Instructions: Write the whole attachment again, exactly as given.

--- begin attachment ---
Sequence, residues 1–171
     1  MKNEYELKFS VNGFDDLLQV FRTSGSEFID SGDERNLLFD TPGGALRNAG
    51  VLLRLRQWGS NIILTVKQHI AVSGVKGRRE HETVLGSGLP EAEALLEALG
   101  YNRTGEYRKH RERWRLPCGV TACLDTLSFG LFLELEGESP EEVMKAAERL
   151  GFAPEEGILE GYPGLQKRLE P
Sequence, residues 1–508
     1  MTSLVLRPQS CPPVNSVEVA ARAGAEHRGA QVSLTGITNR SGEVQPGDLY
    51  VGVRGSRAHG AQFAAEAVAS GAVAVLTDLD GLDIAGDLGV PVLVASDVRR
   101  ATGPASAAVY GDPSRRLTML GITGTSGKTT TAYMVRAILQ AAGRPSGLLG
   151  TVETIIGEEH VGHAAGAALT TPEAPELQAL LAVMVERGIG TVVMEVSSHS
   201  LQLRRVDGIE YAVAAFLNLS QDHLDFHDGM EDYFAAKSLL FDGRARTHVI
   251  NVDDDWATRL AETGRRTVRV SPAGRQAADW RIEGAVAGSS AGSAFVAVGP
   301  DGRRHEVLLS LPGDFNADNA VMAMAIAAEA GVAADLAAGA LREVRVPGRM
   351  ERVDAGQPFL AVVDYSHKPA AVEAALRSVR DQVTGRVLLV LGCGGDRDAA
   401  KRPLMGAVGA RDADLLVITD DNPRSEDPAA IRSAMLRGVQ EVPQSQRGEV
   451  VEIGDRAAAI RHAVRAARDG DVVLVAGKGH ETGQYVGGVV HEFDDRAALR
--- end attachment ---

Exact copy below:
Sequence, residues 1–171
     1  MKNEYELKFS VNGFDDLLQV FRTSGSEFID SGDERNLLFD TPGGALRNAG
    51  VLLRLRQWGS NIILTVKQHI AVSGVKGRRE HETVLGSGLP EAEALLEALG
   101  YNRTGEYRKH RERWRLPCGV TACLDTLSFG LFLELEGESP EEVMKAAERL
   151  GFAPEEGILE GYPGLQKRLE P
Sequence, residues 1–508
     1  MTSLVLRPQS CPPVNSVEVA ARAGAEHRGA QVSLTGITNR SGEVQPGDLY
    51  VGVRGSRAHG AQFAAEAVAS GAVAVLTDLD GLDIAGDLGV PVLVASDVRR
   101  ATGPASAAVY GDPSRRLTML GITGTSGKTT TAYMVRAILQ AAGRPSGLLG
   151  TVETIIGEEH VGHAAGAALT TPEAPELQAL LAVMVERGIG TVVMEVSSHS
   201  LQLRRVDGIE YAVAAFLNLS QDHLDFHDGM EDYFAAKSLL FDGRARTHVI
   251  NVDDDWATRL AETGRRTVRV SPAGRQAADW RIEGAVAGSS AGSAFVAVGP
   301  DGRRHEVLLS LPGDFNADNA VMAMAIAAEA GVAADLAAGA LREVRVPGRM
   351  ERVDAGQPFL AVVDYSHKPA AVEAALRSVR DQVTGRVLLV LGCGGDRDAA
   401  KRPLMGAVGA RDADLLVITD DNPRSEDPAA IRSAMLRGVQ EVPQSQRGEV
   451  VEIGDRAAAI RHAVRAARDG DVVLVAGKGH ETGQYVGGVV HEFDDRAALR